Woods for Carving

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Woods for Carving

Members of the Woodcarving Illustrated Message Board choose their top carving woods


Carvers today can choose from a variety of woods, but it can be difficult to know which wood to choose for a specific project. We surveyed the members of the Woodcarving Illustrated Message Board to find their favorite woods and have highlighted the main qualities of a few of the most popular choices.


Basswood carves easily with hand tools and the fine even grain holds details well. “It is an extremely utilitarian wood, being used for both decorative and functional purposes,” said relief and fish carver Al Archie. “It’s easily finished, in either stains, paint or various oils, stable when cured, safe for food storage and serving, and fairly non allergenic.”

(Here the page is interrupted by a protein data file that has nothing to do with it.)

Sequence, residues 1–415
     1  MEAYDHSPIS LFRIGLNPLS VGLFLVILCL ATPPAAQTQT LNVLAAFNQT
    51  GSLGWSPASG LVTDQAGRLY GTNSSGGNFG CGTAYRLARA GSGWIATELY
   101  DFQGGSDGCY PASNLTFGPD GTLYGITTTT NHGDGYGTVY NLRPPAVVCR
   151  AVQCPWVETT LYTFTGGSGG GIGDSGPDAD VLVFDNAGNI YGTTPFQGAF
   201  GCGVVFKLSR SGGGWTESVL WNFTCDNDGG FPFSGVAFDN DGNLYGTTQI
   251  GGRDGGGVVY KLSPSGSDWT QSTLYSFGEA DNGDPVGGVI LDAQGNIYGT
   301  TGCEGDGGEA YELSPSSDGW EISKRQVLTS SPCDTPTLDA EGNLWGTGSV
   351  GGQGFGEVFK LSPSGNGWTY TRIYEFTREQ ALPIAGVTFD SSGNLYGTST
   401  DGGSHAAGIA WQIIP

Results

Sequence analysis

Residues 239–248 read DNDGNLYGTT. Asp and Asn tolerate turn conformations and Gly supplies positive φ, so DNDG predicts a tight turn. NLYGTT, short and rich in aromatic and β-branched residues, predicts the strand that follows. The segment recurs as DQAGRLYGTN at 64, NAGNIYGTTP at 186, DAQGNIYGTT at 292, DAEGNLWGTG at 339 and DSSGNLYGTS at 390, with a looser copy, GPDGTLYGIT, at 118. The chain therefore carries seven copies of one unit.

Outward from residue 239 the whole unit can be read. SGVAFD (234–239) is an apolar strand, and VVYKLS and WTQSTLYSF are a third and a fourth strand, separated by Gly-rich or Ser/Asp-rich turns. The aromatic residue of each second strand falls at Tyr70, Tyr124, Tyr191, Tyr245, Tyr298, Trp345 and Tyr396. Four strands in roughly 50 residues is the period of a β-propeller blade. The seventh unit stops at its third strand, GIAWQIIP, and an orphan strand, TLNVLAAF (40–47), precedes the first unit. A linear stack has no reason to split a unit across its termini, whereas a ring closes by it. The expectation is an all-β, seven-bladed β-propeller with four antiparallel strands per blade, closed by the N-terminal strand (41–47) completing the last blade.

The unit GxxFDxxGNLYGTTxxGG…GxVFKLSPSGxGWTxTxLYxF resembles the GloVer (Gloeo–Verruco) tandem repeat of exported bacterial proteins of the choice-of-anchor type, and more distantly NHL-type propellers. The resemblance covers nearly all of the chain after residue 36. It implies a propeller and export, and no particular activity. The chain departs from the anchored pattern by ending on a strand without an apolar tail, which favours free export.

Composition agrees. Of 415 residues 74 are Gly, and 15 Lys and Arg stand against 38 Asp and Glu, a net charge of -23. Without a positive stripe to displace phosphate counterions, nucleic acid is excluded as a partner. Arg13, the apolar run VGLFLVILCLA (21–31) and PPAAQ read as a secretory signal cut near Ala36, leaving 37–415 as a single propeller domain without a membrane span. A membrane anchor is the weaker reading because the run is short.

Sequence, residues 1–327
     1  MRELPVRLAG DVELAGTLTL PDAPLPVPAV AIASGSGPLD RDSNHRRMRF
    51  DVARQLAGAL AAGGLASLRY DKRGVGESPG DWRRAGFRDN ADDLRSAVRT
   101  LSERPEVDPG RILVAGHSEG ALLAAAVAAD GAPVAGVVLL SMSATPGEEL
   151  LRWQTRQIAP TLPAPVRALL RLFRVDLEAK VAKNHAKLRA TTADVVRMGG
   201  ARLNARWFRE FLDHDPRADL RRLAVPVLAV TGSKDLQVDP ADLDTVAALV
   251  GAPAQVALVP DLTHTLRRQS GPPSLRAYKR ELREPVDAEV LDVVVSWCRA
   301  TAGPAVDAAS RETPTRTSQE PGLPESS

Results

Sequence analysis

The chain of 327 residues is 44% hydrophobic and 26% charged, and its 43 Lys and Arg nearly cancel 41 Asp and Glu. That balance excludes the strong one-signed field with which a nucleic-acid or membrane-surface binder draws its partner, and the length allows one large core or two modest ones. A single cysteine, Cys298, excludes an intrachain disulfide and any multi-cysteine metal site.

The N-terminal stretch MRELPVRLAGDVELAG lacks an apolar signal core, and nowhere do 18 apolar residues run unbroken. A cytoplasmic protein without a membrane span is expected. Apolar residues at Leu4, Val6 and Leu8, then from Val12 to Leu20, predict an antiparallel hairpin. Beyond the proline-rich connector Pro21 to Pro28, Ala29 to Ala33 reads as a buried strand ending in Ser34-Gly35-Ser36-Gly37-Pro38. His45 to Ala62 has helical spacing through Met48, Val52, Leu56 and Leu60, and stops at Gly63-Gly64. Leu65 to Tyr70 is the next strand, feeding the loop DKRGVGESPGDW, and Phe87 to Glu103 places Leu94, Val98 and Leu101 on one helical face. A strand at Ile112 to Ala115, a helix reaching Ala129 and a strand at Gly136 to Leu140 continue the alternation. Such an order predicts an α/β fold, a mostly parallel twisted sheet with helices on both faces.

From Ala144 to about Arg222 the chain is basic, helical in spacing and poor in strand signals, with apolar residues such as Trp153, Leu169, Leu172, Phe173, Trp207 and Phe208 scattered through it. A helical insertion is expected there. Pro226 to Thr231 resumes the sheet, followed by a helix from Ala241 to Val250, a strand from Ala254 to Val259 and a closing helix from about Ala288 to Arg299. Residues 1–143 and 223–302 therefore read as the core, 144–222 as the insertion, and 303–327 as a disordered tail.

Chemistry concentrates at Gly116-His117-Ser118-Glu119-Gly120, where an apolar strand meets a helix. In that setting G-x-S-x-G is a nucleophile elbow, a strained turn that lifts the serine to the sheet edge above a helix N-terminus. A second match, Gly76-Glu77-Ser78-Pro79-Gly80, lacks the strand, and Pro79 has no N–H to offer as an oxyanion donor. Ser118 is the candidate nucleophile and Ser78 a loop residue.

Chart based on polled responses from www.woodcarvingillustrated.com.


Butternut carves easily with hand tools, but has a beautifully figured grain. “Butternut is my favorite wood to carve and I don’t throw any away, no matter how small the scraps,” said ship carver Bob Squarebriggs. “The color is beautiful. It can splinter and chip, so you have to be careful and pay attention to the grain and your cuts.“


Carvers turn to tupelo because it doesn’t fuzz when power carved or char when woodburned. The interlocking grain makes it a strong light wood, but the grain tears when hand carved. “I prefer tupelo because it bends better when carved into thin pieces,” said wildlife carver Paul Guraedy.


Carvers like walnut because of its dark rich color. Carvers usually use mallets to carve the hard wood. “Walnut is a very clean carving wood,” said professional carver Mark Yundt. “It finishes up very well. If you carve it with sharp tools, it looks like it has already been finished.”

This article was first published in Woodcarving Illustrated Fall 2008 (Issue 44).





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